Increasing your knowledge of something is relatively easy. Picking up new techniques and skills and opening up to new concepts can be invigorating. However putting that newfound knowledge to work to get the desired outcome can be a more difficult task. Sometimes we get too comfortable in the learning phase and stay there, not putting our education to work.
You didn’t expand your knowledge to just have it sit on a shelf so use it. Apply your education to your goals to get the outcome you intended.
Measuring Your Progress
What do you consider progress? In order to know if you are making progress, you have to have a clear understanding of what it is. If you’ve decided to lose weight and eat healthier, perhaps you have educated yourself on healthier alternatives to junk food and various diet plans. If learning to make better choices was one of the goals to get you closer to your ultimate goal, then you have made good progress.
While this is a good step toward your goal, knowing what to eat and not doing anything else will not get you to your desired outcome. Just knowing that you should snack on apple slices instead of potato chips is not going to shed pounds. You actually have to eat the apple. Apply the information you’ve learned.
When you’ve spent a lot of time and energy on learning, convincing yourself that you’re moving forward isn’t difficult. But effort is not always synonymous with results. Be sure you’re measuring what you want to measure. Decide if you want effort or results.
If you love to learn but are timid about putting your knowledge into action, you might have a tendency to measure your progress based on your knowledge and understanding. If so, ask yourself if your life has changed measurably over the last three years. Think, have you made strides toward your goals. If someone were looking on the outside in, how would they grade your progress?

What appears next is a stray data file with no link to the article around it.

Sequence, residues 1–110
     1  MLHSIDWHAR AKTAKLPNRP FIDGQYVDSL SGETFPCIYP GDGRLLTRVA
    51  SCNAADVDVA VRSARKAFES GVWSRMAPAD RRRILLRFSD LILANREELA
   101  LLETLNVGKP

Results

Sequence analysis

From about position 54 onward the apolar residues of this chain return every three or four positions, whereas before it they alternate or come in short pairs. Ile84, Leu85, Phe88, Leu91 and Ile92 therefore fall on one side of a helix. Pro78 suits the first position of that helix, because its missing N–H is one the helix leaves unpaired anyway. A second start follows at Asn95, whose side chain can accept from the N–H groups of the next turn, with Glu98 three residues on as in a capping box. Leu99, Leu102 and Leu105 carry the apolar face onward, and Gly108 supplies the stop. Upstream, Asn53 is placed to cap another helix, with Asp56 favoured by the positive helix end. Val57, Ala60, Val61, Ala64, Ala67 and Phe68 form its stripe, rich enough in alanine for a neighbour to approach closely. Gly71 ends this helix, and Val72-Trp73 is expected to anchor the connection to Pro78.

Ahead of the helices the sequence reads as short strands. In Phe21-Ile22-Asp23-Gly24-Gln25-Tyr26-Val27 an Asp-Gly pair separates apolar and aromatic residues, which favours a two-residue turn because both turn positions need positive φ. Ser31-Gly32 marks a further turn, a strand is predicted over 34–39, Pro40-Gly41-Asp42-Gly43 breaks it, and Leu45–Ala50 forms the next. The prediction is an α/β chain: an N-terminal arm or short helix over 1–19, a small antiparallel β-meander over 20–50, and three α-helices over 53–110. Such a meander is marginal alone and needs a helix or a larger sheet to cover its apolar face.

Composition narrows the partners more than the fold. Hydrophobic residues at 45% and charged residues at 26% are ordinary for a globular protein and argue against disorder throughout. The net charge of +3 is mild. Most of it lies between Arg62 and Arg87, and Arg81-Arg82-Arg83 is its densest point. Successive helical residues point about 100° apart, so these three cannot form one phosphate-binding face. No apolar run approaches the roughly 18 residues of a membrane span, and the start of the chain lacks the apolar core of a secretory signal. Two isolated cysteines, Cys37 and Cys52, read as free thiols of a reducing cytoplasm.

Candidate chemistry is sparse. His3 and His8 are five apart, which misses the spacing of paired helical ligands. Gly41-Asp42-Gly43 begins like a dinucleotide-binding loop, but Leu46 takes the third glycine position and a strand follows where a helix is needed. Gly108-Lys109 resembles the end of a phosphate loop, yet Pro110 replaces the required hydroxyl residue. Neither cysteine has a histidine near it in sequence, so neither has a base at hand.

Changing to more outcome-oriented measurement criteria may seem a bit harsh at first. But, if you’re trying to achieve visible progress, an outcome-oriented tactic will help you down the road.
An Outcome-Oriented Tactic
First you need to consider how you are going to measure your achievements. Set a practical, outcome-based goal. Then continue through your learning as usual, but focus most of your efforts toward the achievement of your ultimate goal.
Measure the amount of time you spend learning versus the amount of time you spend applying that acquired knowledge. To control the amount of time spent learning, promise to only to devote 10% of your free time to it. The other 90% of your time should be spend on applying your knowledge.
Think of it this way, you can spend an entire day to learning, and then spend the following nine days to applying that knowledge. Or if you don’t have that kind of time at once, spend 45 minutes learning daily and the rest of the day to using your education. Remember to focus on learning only what applies to your goal. Don’t get sidetracked with other things.
Releasing the idea that learning is synonymous with progress may be difficult at first. After all, most of us spent our early years in school and our outcome was based on learning. Finding out if you really know as much as you think you do can be scary. It’s probably the ultimate challenge.
Keep in mind that you usually get the most out of the things on which you place your focus. If you focus most of your attention on your learning, you’ll get just that, more learning. Instead, turn your focus to your desired outcome, and you’ll get the outcome you desire.